Most of Idaho exits crisis standards of care
After more than two months, most of Idaho is out of crisis standards of care.
The Idaho Department of Health and Welfare announced Monday it had deactivated crisis standards of care for the majority of the state.
The Panhandle Health District, which includes Boundary, Bonner, Kootenai, Benewah and Shoshone counties, will remain in crisis standards of care.
COVID-19 case numbers and hospitalizations in that region, and especially at its largest hospital Kootenai Health, are declining, but continue to exceed health care resources available, Idaho Department of Health and Welfare Director Dave Jeppesen said during a media briefing Monday.
In a statement, Karen Cabell, DO, the chief physician executive at Kootenai Health, said the hospital is “cautiously optimistic” about the downward trends, but there are still 58 COVID-19 patients being treated at the facility, and just under half of them are requiring critical care. This month alone so far, there have been 33 COVID-19 deaths at Kootenai Health.
The two health districts in North Idaho entered crisis standards of care on Sept. 7, amid a surge in largely unvaccinated COVID-19 patients needing critical care. One week later, the designation, which allows facilities to ration health care such as ventilators, ICU beds and staff time in a public health emergency, was expanded statewide.
Idaho remained in crisis standards of care for nearly 70 days.
COVID hospitalizations have been declining statewide since early October which means hospitals could gradually stop caring for patients in surge units and could send staff back to their normal assignments.
Though southern Idaho has exited crisis standards of care, doctors Monday said the health care systems there are still being stressed.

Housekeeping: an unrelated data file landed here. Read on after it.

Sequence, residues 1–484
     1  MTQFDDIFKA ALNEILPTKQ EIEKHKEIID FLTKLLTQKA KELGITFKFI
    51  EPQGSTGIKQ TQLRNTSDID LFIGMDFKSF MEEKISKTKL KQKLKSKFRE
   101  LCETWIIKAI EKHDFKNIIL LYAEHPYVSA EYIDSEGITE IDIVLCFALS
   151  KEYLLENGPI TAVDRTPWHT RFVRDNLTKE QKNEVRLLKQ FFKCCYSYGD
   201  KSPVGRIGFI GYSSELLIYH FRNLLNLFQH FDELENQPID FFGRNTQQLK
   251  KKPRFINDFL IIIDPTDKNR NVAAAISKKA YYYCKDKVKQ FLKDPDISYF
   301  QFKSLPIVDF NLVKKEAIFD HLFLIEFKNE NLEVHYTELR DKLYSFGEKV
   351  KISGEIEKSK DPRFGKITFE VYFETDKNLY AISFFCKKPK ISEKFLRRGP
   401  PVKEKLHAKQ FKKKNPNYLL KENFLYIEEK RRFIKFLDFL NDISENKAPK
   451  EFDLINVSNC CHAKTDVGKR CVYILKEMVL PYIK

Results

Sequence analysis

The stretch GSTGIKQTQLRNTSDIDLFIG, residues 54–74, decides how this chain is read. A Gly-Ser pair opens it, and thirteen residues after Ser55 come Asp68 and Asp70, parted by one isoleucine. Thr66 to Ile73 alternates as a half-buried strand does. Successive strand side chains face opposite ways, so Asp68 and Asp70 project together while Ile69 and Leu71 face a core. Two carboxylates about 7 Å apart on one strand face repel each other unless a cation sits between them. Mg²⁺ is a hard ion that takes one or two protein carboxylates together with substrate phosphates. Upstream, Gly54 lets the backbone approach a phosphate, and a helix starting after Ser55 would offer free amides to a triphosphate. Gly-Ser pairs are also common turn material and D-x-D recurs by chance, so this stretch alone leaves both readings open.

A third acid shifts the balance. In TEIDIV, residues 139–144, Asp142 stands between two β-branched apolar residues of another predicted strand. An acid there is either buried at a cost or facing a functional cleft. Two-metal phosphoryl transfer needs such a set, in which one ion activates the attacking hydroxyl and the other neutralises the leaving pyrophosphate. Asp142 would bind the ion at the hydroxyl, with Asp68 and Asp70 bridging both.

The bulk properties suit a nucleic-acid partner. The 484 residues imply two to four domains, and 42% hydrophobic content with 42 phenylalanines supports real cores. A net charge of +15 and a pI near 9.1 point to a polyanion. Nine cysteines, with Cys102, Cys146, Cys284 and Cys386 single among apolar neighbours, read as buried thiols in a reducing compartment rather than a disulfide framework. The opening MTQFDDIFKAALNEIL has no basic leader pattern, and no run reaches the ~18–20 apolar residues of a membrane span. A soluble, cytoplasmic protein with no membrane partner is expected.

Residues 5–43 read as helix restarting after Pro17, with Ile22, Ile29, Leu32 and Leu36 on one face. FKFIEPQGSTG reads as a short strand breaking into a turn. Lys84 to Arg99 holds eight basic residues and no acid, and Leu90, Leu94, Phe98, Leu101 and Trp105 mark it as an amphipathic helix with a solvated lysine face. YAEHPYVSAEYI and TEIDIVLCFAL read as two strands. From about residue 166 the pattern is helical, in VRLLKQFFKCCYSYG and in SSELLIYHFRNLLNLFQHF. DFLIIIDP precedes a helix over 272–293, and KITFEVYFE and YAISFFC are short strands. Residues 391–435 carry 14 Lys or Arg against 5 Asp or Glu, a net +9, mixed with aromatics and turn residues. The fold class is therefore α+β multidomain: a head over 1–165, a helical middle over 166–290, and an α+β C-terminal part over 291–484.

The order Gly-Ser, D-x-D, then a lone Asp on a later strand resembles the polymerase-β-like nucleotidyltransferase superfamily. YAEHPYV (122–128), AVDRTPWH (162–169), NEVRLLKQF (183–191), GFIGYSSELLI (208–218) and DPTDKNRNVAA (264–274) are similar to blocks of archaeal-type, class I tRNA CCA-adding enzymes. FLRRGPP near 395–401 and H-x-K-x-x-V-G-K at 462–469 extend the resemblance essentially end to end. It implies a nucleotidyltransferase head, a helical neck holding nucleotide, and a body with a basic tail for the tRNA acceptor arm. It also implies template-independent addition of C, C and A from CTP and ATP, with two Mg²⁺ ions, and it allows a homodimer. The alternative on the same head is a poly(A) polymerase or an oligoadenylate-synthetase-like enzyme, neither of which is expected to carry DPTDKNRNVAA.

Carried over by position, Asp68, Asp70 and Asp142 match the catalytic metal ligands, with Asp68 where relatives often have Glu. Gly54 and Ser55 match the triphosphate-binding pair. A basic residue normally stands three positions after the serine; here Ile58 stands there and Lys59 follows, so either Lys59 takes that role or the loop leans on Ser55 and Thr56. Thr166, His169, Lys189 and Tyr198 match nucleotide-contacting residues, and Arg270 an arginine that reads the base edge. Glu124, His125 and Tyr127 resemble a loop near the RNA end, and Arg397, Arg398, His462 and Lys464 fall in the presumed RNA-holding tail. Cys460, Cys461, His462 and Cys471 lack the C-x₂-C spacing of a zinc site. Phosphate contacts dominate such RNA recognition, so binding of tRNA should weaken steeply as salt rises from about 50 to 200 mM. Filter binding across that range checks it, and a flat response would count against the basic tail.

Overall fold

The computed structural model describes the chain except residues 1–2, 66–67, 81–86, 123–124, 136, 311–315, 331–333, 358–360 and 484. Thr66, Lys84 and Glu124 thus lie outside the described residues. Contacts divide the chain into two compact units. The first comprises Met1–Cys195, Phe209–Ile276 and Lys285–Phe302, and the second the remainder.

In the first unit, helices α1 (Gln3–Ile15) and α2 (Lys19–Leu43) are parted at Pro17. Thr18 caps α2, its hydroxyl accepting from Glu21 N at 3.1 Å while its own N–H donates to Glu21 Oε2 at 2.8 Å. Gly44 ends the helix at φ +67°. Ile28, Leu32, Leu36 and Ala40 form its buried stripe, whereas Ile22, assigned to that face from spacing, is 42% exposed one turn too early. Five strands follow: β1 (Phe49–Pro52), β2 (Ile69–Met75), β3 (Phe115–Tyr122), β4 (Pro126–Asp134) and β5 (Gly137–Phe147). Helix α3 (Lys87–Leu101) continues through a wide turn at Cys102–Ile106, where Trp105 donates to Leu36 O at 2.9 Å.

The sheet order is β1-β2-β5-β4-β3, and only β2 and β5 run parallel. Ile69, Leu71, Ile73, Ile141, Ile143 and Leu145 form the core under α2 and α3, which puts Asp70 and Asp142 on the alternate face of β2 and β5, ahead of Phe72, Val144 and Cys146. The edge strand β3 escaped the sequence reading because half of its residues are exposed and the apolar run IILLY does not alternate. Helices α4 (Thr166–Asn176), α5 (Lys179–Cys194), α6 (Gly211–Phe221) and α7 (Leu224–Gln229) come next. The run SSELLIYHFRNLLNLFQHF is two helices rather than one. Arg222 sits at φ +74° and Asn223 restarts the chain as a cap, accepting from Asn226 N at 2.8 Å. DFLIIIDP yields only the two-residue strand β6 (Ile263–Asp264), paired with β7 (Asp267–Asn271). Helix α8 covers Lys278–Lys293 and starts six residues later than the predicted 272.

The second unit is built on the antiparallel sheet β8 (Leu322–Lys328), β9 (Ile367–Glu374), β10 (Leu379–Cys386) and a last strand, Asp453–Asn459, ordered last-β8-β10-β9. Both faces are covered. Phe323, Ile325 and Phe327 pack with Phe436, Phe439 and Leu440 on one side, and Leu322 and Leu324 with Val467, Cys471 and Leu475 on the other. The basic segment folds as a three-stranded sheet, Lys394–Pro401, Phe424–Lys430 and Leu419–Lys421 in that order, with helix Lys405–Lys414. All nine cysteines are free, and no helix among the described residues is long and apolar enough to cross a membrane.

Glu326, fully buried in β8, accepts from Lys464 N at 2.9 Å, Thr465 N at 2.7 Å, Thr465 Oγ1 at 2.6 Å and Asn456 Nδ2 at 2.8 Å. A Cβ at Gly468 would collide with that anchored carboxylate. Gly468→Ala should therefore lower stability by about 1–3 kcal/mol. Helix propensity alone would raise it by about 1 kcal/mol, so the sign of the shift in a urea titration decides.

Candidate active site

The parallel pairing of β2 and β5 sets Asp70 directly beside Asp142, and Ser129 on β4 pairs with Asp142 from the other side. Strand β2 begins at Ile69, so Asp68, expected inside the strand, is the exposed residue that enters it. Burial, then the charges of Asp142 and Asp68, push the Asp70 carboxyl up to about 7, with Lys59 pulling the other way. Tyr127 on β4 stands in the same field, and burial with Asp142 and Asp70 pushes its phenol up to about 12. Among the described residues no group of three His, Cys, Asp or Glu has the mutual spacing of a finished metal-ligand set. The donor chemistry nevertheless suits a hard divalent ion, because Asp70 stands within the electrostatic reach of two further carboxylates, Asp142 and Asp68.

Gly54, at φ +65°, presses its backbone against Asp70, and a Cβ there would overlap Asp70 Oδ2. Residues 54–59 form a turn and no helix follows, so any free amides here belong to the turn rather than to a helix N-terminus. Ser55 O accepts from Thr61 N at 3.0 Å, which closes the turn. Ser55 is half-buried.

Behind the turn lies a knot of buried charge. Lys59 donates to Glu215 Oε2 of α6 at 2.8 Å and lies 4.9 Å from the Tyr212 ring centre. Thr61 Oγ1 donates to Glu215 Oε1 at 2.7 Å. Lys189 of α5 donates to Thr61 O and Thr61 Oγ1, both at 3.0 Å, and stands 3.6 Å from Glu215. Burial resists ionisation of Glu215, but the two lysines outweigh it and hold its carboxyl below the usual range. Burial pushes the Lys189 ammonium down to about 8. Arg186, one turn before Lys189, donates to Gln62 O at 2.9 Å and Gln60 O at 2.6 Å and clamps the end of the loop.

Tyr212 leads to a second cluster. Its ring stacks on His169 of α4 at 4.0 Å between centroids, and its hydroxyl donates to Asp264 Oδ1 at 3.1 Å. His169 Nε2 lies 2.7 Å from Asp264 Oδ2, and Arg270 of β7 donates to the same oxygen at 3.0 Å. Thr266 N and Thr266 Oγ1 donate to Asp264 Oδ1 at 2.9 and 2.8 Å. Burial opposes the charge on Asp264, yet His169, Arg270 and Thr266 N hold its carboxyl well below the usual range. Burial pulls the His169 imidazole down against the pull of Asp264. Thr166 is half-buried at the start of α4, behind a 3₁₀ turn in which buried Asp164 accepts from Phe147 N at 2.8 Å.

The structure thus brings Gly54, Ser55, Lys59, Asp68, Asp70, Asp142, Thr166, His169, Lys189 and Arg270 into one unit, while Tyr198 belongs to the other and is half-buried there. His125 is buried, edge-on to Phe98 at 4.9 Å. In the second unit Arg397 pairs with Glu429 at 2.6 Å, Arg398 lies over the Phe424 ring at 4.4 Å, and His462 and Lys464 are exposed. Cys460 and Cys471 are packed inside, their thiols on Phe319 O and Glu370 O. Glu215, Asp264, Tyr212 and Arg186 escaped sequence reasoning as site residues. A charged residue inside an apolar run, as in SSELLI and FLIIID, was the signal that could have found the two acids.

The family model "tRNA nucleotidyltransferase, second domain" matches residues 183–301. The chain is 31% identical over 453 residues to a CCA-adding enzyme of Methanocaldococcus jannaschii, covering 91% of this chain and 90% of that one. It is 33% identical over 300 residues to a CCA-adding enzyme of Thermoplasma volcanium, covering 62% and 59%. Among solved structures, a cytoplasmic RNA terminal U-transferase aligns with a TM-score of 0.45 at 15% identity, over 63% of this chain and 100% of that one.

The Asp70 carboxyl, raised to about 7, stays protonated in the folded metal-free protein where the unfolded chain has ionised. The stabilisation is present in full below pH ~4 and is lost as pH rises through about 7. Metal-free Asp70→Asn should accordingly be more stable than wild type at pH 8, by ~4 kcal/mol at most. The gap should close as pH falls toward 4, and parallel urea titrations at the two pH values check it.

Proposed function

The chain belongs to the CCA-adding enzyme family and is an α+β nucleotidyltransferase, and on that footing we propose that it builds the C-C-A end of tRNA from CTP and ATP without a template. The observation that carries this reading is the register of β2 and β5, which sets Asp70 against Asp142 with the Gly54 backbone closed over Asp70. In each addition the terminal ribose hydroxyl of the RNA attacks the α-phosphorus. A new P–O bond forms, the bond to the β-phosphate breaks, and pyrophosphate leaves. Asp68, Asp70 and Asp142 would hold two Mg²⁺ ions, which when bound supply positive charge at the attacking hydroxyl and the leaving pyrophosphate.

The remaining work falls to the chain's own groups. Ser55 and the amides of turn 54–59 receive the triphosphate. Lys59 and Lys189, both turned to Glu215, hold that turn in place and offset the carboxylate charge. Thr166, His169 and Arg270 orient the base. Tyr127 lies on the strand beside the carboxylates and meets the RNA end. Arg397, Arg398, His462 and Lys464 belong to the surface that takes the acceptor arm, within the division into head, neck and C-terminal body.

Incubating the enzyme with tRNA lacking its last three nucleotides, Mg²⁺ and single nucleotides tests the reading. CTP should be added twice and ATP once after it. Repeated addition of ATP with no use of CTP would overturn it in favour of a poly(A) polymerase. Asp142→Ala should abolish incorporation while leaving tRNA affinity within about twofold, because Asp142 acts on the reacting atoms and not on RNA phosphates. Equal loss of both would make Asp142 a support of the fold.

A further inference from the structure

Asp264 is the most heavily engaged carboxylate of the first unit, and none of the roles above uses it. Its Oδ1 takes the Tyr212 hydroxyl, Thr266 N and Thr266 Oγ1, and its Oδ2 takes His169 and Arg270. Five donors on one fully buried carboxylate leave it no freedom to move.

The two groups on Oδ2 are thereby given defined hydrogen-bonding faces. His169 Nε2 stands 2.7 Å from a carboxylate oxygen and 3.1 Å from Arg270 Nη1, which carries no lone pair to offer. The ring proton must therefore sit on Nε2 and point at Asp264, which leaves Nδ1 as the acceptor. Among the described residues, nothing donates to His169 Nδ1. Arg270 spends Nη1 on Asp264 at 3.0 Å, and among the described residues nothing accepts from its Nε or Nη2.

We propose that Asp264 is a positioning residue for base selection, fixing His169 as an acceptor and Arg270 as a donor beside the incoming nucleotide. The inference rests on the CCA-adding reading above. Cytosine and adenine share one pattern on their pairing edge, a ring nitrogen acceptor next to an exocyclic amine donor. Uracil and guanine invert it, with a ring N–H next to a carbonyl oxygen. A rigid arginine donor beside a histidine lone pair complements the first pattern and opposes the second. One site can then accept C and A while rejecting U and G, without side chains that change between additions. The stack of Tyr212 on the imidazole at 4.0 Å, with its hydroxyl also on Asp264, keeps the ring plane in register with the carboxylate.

“To be clear, we’re still in a contingency position. We are very busy,” said Dr. Jim Souza, chief executive for St. Luke’s Health System.
There are still a lot of patients in local hospitals with COVID. About one in five patients at St. Luke’s now is there with COVID-19; about 40% of people in the ICU are COVID patients.
It’ll also take a long time to work through a backlog of roughly 7-8,000 postponed surgeries. Souza worries the delays in care will accumulate in a surge of “sub-optimally-managed chronic disease” that local health systems will have to address.
Then there’s the fact that health leaders aren’t sure what to expect from future COVID waves. Souza expects this won’t be the last surge the state faces.
“We hope it’s the worst one,” he said.
With about 56% of people 12-and-over fully vaccinated, a sizable portion of Idaho’s population remains extra vulnerable to severe illness from COVID-19, so doctors emphasized the best way to prevent the worst outcomes from future surges is to get vaccinated and get a booster dose.
“We are really pleading with everyone to do their part so we don’t have this momentary relief and then go right back into a bad situation again,” said Dr. Patrice Burgess, the executive medical director at Saint Alphonsus.
Find reporter Rachel Cohen on Twitter @racheld_cohen
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